But the film is stuffed full of moments of simple, real-world pleasure crafted by a director who understood that the impact of the stories late emotional revelations depended on the everyday low-key presentation of the film’s first hour. And there is no end of delight be had from the Morkan sister’s tearful pleasure and pride at Gabriel’s sincere speech of gratitude at the dinner’s end (even if it is overladen with classical parables). Or in the quietly supportive way Gabriel goes about organising events for them in the house, from shepherding the tipsy Freddy to a bathroom to sober up to ending events by gently wakening Protestant Dan Browne at the party’s end from his drunken doze in the cloakroom. Around all these events is the conversation of people who have known each other for years and are comfortable to sink back into the patter of familiar themes.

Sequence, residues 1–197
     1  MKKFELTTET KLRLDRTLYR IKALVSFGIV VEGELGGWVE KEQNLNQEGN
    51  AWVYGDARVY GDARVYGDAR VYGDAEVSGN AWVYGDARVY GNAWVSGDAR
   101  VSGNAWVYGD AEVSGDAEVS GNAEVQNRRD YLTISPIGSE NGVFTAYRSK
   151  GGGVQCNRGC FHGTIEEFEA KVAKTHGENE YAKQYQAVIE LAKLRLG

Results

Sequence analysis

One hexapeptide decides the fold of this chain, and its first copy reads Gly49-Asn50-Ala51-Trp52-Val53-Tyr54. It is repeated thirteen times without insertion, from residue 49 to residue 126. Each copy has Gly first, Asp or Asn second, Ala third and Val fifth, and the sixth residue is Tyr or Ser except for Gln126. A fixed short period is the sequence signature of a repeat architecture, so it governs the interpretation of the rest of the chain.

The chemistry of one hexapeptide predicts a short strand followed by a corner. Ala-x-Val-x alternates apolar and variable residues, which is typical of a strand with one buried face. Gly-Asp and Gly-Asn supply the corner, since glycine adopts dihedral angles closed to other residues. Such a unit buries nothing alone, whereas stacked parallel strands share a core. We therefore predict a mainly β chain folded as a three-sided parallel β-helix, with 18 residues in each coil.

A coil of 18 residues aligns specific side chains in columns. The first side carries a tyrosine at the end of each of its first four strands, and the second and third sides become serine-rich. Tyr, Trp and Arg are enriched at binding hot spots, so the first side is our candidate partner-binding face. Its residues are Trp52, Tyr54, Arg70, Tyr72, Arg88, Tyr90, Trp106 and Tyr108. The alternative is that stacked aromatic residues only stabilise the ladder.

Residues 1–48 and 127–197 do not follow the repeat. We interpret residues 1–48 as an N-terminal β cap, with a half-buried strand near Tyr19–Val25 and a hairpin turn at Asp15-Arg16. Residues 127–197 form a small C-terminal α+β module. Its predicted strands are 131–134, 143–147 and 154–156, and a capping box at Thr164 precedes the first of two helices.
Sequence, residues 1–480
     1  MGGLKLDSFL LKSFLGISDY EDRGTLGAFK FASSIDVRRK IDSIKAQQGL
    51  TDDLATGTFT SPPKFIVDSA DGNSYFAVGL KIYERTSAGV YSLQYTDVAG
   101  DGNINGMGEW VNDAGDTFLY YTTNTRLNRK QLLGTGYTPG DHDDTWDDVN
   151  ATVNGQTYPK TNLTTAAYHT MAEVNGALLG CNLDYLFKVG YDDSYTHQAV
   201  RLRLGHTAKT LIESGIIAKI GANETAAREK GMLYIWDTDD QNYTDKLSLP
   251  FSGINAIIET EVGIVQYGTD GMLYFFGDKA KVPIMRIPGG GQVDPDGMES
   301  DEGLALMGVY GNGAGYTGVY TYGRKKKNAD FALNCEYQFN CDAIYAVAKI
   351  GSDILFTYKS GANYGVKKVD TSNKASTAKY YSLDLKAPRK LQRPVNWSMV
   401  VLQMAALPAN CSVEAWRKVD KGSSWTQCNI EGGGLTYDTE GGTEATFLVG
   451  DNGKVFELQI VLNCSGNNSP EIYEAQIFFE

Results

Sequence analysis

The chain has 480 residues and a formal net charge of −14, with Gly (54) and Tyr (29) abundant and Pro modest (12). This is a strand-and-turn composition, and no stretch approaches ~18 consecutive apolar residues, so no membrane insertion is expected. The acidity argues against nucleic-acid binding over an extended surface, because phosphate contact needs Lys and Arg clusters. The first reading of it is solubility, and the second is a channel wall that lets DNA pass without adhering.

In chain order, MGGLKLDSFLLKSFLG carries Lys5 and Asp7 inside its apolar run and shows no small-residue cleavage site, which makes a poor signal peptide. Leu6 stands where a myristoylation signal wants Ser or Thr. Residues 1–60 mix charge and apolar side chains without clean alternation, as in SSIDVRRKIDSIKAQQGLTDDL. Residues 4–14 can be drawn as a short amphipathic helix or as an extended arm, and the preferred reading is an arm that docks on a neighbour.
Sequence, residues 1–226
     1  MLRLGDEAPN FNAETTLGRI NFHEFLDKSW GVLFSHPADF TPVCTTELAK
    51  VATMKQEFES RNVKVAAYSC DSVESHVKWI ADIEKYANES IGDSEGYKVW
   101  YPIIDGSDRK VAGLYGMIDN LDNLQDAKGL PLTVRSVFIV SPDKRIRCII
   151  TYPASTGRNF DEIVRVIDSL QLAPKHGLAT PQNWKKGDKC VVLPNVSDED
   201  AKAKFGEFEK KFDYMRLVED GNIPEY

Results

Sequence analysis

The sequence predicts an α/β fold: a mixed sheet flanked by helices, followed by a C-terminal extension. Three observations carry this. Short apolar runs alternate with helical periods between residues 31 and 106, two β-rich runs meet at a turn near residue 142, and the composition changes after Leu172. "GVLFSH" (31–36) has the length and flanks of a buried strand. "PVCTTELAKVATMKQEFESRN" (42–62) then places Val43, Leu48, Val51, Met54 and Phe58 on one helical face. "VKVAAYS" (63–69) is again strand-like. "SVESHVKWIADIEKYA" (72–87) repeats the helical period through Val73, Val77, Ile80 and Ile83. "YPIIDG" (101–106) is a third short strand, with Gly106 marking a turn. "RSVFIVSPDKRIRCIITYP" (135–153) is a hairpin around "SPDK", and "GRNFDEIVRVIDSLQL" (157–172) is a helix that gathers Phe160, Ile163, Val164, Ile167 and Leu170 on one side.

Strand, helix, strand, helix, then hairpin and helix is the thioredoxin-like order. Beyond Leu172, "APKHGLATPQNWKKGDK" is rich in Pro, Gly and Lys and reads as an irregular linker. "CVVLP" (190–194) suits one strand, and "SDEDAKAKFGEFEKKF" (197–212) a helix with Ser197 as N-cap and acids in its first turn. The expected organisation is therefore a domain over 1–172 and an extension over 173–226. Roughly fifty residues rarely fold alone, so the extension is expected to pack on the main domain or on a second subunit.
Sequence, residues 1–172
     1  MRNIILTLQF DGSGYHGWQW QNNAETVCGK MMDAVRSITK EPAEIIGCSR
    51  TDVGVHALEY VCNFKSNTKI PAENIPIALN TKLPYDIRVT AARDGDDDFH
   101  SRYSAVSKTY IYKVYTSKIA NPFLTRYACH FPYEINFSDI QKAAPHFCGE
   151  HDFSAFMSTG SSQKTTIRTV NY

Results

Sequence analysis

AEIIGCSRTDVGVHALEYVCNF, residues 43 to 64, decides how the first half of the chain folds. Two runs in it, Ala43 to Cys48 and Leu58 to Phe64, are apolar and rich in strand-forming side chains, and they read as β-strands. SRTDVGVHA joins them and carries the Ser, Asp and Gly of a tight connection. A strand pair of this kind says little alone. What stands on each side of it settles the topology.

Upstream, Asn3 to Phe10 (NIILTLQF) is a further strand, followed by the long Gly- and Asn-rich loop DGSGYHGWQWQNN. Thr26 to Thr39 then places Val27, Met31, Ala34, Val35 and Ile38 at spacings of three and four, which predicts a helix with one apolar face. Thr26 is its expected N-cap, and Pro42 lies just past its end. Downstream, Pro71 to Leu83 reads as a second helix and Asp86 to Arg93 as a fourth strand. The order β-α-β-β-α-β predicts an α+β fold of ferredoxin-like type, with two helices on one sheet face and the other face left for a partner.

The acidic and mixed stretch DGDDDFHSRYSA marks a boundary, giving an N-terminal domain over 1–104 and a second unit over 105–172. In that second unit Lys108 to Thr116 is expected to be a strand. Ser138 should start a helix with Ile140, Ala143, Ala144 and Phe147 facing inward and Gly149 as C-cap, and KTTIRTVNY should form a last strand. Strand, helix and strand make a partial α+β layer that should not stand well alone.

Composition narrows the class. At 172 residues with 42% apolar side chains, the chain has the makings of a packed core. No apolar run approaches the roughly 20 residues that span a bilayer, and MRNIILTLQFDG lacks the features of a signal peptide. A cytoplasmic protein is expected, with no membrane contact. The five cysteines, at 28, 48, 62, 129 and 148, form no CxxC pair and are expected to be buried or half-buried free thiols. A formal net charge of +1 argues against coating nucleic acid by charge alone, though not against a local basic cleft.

All of which is then perfectly counter-pointed by Gretta’s quiet revelation of a past of passion and deeply held first love that she has never spoken of before – and causes Gabriel to certainly look anew at everything in his life. It’s a sad and delicate Proustian revelation of how the slightest nudges to our memory (in this case the soulful rendition of an old Irish song) can unlock sudden wells of feeling, making events from years ago suddenly seem as painfully recent as yesterday.